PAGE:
The image in the upper part of the table represents a raw view of Saturn's largest moon Titan obtained on January 5, 2008 from the Cassini orbiter on the basis of the CL1 filter and of the VIO filter. The view whose file name is W00040605.jpg had not been validated or calibrated at the time of the observation and a validated or calibrated view was going to be archived with the Planetary Data System proposed by NASA. One can notice in particular the upper layer of the atmosphere. That layer seems to float above the opaque atmosphere. The image in the lower part of the table represents a colorized version of the original view. Credit for the original image: NASA/JPL-Caltech/Space Science Institute. Credit for the colorization process of the original view: Marc Lafferre, 2023.

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October 28, 2023: A Biological Source To The Methane Of Titan ?

On Earth, hydrocarbons like methane, ethane or propane are key molecules driving our economies because they represent energy sources for our cars or for our industries for instance. Those hydrocarbons are closely related to our biosphere because they have been produced by life a long time ago. The exploration process of the various planetary bodies of the Solar System has allowed us to notice that many worlds contain a relatively high concentration of hydrocarbons like methane or ethane. That's the case for the Gas Giants Neptune, Uranus, Saturn and Jupiter and that's also the case for smaller worlds like Pluto or Titan. Most moons are devoid of any significant atmosphere but Titan represents an exception among the multitude of moons encountered in the Solar System. Titan contains a remarkable atmosphere which is completely opaque from outer space. That atmosphere is dominated by molecular nitrogen like the atmosphere of the Earth. However, oxygen is absent or almost absent in the atmosphere of that strange world. Planetologists have been surprised by the relatively high concentration of methane present in the atmosphere of Saturn's largest moon. Methane tends to disappear in the atmosphere in the long run.

How can we explain the relatively high concentration of methane in the atmosphere of Titan ? Is there a methane cycle between the interior of the moon and the atmosphere ? Is the methane of Titan's atmosphere closely related to cryovolcanoes ? Is the methane of the Opaque Moon closely related to a biological system evolving beneath the icy crust for instance ? Many questions can be put forward to account for the particular chemistry of Titan. In the oceans of our planet, one can encounter ecosystems that generate methane. Bacteria or archaea on Earth can produce methane in the absence of sunlight. Could we encounter that type of ecosystem on the giant moon of Saturn ? We can't rule out that hypothesis because Titan may contain a subsurface ocean dominated by liquid water. One can easily imagine extremophiles thriving in that type of subsurface ocean where pressures are high and where environmental temperatures can be relatively high despite the relatively low amount of solar energy received at the level of Saturn or Titan. The study of the abyss of our oceans where volcanoes can be found can allow us to better anticipate what one could encounter at the level of the floor of the presumed susbsurface ocean of Saturn's largest moon.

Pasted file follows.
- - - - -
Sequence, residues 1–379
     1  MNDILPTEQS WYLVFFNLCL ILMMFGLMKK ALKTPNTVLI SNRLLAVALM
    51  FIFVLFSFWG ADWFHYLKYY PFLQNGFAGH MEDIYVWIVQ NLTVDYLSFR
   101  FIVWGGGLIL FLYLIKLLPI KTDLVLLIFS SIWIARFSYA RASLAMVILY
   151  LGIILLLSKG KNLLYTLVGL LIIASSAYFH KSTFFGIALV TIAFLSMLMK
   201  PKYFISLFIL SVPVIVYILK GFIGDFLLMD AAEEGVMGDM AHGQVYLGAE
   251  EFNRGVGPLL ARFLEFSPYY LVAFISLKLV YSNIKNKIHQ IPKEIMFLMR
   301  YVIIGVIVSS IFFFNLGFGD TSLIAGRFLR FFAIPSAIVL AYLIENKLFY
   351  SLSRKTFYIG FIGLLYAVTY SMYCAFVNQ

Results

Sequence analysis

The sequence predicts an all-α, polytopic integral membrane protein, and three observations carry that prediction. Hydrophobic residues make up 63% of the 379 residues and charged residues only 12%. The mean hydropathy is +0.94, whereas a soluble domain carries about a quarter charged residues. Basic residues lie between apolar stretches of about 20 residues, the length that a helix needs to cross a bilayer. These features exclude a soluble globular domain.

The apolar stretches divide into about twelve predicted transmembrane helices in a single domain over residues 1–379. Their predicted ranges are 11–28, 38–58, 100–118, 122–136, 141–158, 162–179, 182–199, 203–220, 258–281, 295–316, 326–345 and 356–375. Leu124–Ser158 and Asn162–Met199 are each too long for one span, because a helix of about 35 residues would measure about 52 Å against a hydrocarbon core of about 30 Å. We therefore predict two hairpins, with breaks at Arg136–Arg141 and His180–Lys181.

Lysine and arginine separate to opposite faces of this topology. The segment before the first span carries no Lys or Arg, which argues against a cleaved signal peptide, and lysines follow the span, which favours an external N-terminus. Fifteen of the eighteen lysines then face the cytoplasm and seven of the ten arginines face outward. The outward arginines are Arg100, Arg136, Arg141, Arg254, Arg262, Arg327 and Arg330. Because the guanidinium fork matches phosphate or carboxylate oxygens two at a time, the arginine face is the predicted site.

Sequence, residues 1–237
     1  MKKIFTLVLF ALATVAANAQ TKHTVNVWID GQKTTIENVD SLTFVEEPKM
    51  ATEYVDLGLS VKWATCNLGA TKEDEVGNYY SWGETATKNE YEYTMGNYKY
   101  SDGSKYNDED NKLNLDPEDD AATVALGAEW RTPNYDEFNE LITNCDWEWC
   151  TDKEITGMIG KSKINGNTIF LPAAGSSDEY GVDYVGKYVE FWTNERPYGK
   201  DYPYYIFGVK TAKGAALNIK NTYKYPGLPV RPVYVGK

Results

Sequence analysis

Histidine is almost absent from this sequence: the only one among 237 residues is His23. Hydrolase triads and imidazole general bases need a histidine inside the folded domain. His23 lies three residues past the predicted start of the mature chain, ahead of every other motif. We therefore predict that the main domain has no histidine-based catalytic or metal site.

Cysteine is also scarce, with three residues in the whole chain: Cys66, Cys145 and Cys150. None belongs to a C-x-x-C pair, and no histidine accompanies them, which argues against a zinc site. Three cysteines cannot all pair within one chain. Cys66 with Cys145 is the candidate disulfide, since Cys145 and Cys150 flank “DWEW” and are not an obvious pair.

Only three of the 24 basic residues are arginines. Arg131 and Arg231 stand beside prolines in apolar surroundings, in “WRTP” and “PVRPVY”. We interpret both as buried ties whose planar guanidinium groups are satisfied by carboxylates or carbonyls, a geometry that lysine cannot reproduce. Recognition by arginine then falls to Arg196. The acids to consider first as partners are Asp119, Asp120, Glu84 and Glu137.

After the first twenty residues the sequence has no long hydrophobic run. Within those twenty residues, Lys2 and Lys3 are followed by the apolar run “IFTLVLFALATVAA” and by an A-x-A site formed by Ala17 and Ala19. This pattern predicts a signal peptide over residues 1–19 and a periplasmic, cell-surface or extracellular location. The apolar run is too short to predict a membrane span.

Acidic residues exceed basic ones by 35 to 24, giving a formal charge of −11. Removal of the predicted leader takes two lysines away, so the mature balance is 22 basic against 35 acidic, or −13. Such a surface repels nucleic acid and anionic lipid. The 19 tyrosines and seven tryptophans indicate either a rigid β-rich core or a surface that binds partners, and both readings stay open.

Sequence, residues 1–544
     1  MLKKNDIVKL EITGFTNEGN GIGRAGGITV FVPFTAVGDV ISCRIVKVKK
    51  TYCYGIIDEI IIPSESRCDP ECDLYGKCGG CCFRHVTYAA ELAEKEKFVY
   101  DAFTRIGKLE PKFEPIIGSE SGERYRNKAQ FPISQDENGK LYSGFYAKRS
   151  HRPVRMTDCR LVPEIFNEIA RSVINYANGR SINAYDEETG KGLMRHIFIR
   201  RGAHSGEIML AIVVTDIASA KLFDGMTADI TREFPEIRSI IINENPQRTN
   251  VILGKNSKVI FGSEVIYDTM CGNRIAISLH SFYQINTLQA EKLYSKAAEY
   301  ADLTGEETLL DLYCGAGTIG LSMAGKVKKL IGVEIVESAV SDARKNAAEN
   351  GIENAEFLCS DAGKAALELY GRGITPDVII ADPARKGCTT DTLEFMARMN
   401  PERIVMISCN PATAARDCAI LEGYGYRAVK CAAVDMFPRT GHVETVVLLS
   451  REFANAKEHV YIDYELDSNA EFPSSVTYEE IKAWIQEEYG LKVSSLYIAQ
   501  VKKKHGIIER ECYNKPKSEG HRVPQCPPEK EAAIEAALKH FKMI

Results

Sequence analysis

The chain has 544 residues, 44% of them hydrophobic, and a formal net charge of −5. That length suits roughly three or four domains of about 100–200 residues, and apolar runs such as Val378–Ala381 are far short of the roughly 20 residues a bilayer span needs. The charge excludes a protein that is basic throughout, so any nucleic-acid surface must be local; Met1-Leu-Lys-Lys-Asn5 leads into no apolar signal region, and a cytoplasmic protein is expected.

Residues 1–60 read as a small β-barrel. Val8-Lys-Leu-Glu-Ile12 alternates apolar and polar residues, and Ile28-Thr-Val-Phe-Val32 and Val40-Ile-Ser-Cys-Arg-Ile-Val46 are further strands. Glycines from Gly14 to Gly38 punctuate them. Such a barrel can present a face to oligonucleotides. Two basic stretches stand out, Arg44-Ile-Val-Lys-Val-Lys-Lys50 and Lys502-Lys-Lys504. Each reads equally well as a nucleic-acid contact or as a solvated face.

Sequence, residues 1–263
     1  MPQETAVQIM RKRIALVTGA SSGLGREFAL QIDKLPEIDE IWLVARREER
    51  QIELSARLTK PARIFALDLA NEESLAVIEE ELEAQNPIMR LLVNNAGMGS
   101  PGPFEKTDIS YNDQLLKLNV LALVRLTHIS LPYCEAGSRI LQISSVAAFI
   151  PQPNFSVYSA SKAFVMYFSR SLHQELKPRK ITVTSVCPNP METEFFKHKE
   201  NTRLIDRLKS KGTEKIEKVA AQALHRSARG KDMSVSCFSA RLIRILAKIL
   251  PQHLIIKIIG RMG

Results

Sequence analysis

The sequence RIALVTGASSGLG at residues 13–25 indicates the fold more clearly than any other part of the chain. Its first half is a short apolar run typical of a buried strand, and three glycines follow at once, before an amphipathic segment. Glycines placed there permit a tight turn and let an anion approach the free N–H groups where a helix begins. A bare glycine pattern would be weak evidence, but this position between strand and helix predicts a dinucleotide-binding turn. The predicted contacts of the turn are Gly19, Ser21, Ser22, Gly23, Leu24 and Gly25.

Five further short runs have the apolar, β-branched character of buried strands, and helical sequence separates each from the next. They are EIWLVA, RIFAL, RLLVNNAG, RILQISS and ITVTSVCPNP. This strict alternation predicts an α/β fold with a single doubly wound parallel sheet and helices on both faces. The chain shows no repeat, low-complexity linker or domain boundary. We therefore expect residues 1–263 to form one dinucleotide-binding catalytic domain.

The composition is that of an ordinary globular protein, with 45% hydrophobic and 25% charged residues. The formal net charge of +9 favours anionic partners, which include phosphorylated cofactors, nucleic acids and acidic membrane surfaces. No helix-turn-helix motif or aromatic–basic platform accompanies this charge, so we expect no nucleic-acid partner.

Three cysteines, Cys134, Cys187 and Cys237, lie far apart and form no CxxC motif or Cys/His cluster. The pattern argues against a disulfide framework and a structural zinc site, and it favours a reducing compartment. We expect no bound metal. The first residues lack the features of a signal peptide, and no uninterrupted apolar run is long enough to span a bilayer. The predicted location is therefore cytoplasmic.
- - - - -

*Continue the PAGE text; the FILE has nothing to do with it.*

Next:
The image in the upper part of the table represents a raw view of a portion of Saturn's largest moon Titan acquired on December 31, 2013 from the Cassini orbiter. The view whose file name is N00219137.jpg was captured on the basis of the CL1 filter and of the MT1 filter. The image had not been validated or calibrated at the time of the observation and a validated or calibrated version of the view had to be archived with the Planetary Data System proposed by NASA. The image in the lower part of the table represents a colorized version of the original view. Credit for the original view: NASA/JPL-Caltech/Space Science Institute. Credit for the colorization process of the original view: Marc Lafferre, 2023.

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July 12, 2023: A New Study Reveals A Potential Weak Intensity Of Most Rivers On Titan

A new research work entitled "Reconstructing river flows remotely on Earth, Titan, and Mars", published in the Proceedings of the National Academy of Sciences on July 10, 2023 and proposed by a group involving Samuel P. D. Birch, Gary Parker, Paul Corlies and J. Taylor Perron reveals that the intensity of most rivers on Titan may be relatively weak. The radar views obtained from the Cassini orbiter during its long mission in the Saturn System from 2004 to 2017 have clearly shown a multitude of lakes, seas or rivers in the high latitudes of each hemisphere on Titan. Curiously, the researchers observe that there is apparently a lack of fan-shaped deltas at the mouths or at the connections of most rivers on the Opaque Moon. How can we interpret that configuration ? Is the flow of those particular rivers relatively weak ? Is the concentration of sediments in the liquid relatively limited ? The lakes, seas and rivers of that world orbiting around the Gas Giant Saturn must be dominated by methane or ethane and must also contain dissolved nitrogen. Therefore, that composition has nothing to do with the composition of the lakes, seas, rivers or oceans on Earth. We know very well the erosional processes associated with liquid water but our knowledge regarding the erosional processes associated with liquid methane or liquid ethane is obviously limited.